So that seems like a decent place to start. I'm wondering if I have ever not felt this alienation. And I think that when I was growing up in Nashville I did not. Not that I wasn't stressed by my environment— the clutter definitely became a focal point for my teenage stress— but I did feel like the world (house, furniture, restaurants, etc) around me had meaning. I had more of a connection with my environment, it felt more right and more *me*. I probably felt some connection because— 1) I lived in the same home my entire life and 2) my mom invested significant effort into making that home feel really nice in the way that I want my home to be really nice. I have a deep love for my Nashville house with it's periwinkle, turquoise, goldenrod walls and 100-year-old table that was given to my grandpa as payment for doctor services. Even though it is so imperfect (endless clutter, a horrible tv room, and a dinky garden that is rarely more than half weeds), that house means something to me in a way that no *thing* in my life right now does.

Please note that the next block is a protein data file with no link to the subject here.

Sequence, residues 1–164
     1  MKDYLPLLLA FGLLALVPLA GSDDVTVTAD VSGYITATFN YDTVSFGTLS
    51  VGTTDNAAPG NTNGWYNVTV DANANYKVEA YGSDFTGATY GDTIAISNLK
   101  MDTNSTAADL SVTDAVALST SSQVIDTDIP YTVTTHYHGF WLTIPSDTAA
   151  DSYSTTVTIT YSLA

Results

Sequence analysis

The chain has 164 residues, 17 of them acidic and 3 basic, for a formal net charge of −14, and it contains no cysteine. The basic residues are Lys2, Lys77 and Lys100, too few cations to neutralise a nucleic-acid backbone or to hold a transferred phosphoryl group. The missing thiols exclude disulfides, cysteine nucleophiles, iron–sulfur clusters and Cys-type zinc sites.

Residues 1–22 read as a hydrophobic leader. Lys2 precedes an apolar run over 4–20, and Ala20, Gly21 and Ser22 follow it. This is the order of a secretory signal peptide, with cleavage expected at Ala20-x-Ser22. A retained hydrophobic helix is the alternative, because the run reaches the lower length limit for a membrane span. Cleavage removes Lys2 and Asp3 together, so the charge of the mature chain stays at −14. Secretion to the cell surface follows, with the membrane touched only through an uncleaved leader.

I have also been thinking about Christmas a lot as I waffle on whether to board a plane a schlep back for the holidays. We were never religious, but there is a ritual to Christmas that feels deeply meaningful. There is something about massive collection of ornaments that my mom has been accumulating since childhood or the extreme quietude of Christmas day when (at least as I imagine it) literally nothing is open and everyone is home enjoying a day of rest and peace. I hesitate to say it because it feels so unoriginal and obvious, but maybe the thing missing is tradition.